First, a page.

US President Donald Trump, under pressure from special counsel Robert Mueller's investigation into Russia's role in the 2016 US election, probably has the power to pardon himself but does not plan to do so, his lawyer Rudy Giuliani says.
Asked whether Trump has the power to give himself a pardon, Giuliani said, "He's not, but he probably does."
Giuliani added that Trump "has no intention of pardoning himself" but that the US Constitution, which gives a president the authority to issue pardons, "doesn't say he can't".
Speaking on ABC's This Week program on Sunday, Giuliani added, "It would be an open question. I think it would probably get answered by, gosh, that's what the constitution says."
Mueller is investigating whether Russia meddled in the presidential election and whether Trump's campaign colluded with Moscow. Mueller, whose investigation already has led to criminal charges against Trump campaign aides including former campaign chairman Paul Manafort, is also looking into whether Trump unlawfully sought to obstruct the Russia investigation.
Both Russia and Trump deny collusion, and the president has denied obstructing the probe.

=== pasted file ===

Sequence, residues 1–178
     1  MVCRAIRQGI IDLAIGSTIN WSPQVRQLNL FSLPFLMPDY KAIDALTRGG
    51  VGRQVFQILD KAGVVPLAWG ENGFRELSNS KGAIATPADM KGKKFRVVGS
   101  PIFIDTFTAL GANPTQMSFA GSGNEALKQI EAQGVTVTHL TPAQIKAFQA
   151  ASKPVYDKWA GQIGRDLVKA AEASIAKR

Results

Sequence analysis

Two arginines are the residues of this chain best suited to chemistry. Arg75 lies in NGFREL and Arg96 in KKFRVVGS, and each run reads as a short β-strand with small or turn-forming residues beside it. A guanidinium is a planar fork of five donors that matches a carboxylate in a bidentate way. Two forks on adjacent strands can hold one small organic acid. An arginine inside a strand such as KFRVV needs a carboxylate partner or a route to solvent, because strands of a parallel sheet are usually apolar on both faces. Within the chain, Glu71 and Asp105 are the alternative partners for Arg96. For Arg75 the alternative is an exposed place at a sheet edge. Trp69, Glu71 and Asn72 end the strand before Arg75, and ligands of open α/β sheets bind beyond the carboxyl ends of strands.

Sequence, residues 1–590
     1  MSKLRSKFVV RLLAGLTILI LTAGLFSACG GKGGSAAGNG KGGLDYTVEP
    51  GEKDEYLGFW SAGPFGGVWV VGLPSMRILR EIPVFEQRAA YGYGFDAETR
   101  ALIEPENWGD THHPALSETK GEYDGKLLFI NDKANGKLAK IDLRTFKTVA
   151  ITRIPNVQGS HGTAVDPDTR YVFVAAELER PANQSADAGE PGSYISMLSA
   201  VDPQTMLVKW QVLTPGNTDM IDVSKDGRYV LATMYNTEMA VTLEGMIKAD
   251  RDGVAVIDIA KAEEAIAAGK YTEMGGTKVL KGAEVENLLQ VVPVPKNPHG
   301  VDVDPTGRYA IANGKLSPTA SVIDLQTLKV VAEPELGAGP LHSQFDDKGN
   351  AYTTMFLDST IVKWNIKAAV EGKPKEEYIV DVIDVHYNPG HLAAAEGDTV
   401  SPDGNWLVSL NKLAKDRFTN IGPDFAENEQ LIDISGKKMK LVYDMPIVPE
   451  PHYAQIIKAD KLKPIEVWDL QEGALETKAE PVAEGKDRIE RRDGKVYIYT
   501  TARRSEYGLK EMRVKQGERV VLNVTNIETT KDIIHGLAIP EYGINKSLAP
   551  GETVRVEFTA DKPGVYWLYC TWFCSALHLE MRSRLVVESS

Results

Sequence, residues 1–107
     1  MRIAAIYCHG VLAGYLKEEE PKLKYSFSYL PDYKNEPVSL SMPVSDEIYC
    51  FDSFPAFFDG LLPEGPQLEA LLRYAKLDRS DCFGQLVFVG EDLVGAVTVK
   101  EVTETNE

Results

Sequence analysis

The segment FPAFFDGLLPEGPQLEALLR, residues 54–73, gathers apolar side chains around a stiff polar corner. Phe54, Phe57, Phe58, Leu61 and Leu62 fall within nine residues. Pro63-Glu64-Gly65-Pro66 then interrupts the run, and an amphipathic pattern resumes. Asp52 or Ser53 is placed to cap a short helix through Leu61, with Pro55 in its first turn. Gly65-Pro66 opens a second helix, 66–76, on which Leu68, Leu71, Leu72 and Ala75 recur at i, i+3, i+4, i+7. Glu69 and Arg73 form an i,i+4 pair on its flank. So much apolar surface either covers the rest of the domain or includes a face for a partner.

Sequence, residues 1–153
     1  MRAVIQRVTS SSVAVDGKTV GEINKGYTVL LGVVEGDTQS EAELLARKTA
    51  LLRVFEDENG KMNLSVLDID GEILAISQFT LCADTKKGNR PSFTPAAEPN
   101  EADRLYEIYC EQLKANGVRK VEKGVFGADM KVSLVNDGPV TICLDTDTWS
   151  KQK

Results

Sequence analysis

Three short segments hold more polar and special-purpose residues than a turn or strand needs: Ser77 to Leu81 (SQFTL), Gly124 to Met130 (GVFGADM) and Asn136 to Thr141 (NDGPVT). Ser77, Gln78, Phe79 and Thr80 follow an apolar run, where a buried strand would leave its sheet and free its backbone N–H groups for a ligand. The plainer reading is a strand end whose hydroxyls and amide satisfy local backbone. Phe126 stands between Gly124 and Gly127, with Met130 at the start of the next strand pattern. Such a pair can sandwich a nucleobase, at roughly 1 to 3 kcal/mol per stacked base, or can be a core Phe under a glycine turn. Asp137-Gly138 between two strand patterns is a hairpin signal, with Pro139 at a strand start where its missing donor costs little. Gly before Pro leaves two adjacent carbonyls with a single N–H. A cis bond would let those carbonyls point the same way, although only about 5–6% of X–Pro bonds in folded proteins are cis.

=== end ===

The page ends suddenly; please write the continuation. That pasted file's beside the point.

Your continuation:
Giuliani noted that the political ramifications of a self-pardon could be severe. Giuliani told NBC's Meet the Press with Chuck Todd that "the president of the US pardoning himself would just be unthinkable. And it would lead to probably an immediate impeachment."
Under the constitution, a president can be impeached by the House of Representatives and then removed from office by the Senate.
Trump took to Twitter on Sunday to again rage against the FBI and Justice Department, saying he would not have hired Manafort if he had been told Manafort was already under investigation.
"As only one of two people left who could become President, why wouldn't the FBI or Department of 'Justice' have told me that they were secretly investigating Paul Manafort (on charges that were 10 years old and had been previously dropped) during my campaign? Should have told me!" Trump tweeted.
"Paul Manafort came into the campaign very late and was with us for a short period of time ... but we should have been told that Comey and the boys were doing a number on him, and he wouldn't have been hired!" Trump wrote, referring to former FBI Director James Comey, who Trump fired last year.
The possibility of a self-pardon appeared to be raised in a January 29 letter from Trump's lawyers to Mueller, published by the New York Times on Saturday, arguing that the president could not have obstructed the probe given the powers granted to him by the constitution.